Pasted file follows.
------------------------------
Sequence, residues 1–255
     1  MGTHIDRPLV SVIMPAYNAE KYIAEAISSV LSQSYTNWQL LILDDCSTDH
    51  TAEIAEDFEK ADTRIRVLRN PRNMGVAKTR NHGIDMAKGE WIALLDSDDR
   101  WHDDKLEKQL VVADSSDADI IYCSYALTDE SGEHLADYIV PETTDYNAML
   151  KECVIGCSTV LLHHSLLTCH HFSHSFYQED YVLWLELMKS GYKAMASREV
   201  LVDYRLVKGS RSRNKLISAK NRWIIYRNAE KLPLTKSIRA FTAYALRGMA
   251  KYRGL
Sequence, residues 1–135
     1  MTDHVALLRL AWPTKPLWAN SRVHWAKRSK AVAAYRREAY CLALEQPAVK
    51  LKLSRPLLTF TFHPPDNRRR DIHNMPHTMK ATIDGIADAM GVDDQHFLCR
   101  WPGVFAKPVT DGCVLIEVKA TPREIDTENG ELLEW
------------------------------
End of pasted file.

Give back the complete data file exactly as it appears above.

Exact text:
Sequence, residues 1–255
     1  MGTHIDRPLV SVIMPAYNAE KYIAEAISSV LSQSYTNWQL LILDDCSTDH
    51  TAEIAEDFEK ADTRIRVLRN PRNMGVAKTR NHGIDMAKGE WIALLDSDDR
   101  WHDDKLEKQL VVADSSDADI IYCSYALTDE SGEHLADYIV PETTDYNAML
   151  KECVIGCSTV LLHHSLLTCH HFSHSFYQED YVLWLELMKS GYKAMASREV
   201  LVDYRLVKGS RSRNKLISAK NRWIIYRNAE KLPLTKSIRA FTAYALRGMA
   251  KYRGL
Sequence, residues 1–135
     1  MTDHVALLRL AWPTKPLWAN SRVHWAKRSK AVAAYRREAY CLALEQPAVK
    51  LKLSRPLLTF TFHPPDNRRR DIHNMPHTMK ATIDGIADAM GVDDQHFLCR
   101  WPGVFAKPVT DGCVLIEVKA TPREIDTENG ELLEW